Although interest in phenotypic plasticity has increased since the 1980s (Forsman 2014), the resulting proliferation of the literature can make it difficult to keep concepts organized. As a starting point, Whitman and Agrawal 2009 should be the first piece read in this entire bibliography because of its accessibility. A common problem when sifting through literature on phenotypic plasticity is the terminology. The authors of Fusco and Minelli 2010 do a good job of defining and clarifying terms in their review. Stearns 1989 provides a historical perspective in terms of the writing, but also provides a brief history of the field (to that point). While a lot of plasticity research focuses on “higher-order” phenotypes, Callahan, et al. 1997 sets the stage for current work on phenotypic plasticity at the molecular level, which is complemented by Piersma and Drent 2003, which emphasizes how physiological processes are phenotypically plastic. Wund 2012 and Forsman 2014 are particularly useful as introductions to the types of questions being asked by plasticity researchers and how one can test hypotheses relating to plasticity. Finally, Nijhout 1990 provides an excellent introduction to the thinking that drives much of the current research being done on plasticity and evolution—particularly that development is completed by genes alone.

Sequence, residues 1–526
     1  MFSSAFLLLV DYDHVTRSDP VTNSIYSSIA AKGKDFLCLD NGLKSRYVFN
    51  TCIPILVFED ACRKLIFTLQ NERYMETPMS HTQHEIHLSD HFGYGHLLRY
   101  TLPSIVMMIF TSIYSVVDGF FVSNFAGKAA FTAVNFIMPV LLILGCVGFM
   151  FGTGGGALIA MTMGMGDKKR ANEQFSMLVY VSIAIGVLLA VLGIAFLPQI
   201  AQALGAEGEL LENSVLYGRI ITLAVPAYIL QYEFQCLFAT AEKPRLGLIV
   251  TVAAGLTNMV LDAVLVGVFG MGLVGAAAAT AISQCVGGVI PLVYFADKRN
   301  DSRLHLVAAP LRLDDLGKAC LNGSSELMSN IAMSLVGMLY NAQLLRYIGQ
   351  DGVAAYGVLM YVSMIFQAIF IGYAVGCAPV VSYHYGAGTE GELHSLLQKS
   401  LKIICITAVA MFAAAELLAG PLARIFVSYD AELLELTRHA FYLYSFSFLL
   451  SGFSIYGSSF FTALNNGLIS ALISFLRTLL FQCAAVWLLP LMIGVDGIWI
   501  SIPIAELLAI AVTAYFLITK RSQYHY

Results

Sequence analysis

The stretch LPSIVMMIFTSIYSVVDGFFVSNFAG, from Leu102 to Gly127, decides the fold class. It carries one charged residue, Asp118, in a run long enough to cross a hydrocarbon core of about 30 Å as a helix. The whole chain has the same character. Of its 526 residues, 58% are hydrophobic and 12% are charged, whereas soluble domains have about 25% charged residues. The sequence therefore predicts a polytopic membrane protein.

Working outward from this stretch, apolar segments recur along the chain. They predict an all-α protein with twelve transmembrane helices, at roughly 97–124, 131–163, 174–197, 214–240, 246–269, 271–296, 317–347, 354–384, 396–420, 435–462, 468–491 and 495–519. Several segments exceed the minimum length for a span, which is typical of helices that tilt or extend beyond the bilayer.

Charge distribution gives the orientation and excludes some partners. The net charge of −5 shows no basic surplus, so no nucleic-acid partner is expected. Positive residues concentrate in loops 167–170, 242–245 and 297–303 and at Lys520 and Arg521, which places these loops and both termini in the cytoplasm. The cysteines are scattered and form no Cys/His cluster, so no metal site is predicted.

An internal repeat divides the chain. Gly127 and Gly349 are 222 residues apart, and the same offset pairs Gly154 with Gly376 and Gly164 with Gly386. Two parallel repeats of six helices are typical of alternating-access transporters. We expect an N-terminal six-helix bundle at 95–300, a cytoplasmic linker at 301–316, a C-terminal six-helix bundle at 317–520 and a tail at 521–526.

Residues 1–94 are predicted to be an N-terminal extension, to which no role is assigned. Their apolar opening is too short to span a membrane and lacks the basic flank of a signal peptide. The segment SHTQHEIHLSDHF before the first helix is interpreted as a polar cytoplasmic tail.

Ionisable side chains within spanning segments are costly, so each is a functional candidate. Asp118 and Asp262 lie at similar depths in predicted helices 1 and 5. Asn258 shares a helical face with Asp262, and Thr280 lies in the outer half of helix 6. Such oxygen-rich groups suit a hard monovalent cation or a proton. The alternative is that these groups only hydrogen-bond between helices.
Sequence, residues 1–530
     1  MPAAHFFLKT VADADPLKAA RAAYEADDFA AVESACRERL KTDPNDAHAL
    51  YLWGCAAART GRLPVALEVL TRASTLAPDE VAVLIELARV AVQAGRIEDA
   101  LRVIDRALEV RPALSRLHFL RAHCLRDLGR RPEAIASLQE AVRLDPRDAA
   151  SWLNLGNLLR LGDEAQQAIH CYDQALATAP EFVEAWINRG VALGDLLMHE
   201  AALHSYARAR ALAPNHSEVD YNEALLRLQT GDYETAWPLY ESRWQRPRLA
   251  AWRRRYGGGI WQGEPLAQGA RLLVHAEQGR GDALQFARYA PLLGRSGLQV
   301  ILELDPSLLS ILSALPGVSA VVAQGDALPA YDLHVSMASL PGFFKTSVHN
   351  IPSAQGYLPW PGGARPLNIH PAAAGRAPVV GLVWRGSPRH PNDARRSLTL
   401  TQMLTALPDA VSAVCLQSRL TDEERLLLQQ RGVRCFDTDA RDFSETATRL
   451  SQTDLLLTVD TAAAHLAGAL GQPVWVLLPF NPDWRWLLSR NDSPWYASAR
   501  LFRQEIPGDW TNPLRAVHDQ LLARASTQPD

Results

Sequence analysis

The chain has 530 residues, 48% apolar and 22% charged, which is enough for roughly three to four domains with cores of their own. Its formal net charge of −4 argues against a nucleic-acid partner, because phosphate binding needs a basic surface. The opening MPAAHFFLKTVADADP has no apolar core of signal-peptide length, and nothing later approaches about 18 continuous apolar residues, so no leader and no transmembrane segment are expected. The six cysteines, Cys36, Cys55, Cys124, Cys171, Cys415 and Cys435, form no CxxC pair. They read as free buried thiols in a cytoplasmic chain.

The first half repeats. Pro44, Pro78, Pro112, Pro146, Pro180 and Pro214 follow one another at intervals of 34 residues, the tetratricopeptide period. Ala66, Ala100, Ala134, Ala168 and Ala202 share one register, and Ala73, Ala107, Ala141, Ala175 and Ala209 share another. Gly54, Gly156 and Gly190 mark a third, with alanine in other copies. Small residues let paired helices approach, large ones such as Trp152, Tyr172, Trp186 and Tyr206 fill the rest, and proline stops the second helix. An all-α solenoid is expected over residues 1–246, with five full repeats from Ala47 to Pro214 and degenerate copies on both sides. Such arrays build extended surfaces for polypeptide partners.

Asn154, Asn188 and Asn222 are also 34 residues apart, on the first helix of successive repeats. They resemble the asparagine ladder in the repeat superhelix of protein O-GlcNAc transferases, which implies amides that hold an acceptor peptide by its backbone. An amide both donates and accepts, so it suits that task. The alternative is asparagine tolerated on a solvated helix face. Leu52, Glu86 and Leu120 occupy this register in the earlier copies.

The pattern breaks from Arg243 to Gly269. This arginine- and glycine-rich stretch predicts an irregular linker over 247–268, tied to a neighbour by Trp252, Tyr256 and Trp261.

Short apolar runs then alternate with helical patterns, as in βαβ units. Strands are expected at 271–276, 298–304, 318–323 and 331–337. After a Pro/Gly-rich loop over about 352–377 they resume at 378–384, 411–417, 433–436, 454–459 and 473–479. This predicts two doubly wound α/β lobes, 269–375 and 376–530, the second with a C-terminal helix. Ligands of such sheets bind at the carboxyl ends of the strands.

Callahan, H. S., M. Pigliucci, and C. D. Schlichting. 1997. Developmental phenotypic plasticity: Where ecology and evolution meet molecular biology. BioEssays 19:519–525.
This review highlights how evolutionary and molecular biology can successfully be married to investigate questions of developmental plasticity. It uses the phytochrome-mediated shade-avoidance and light-seeking responses of flowering plants as a model for this approach.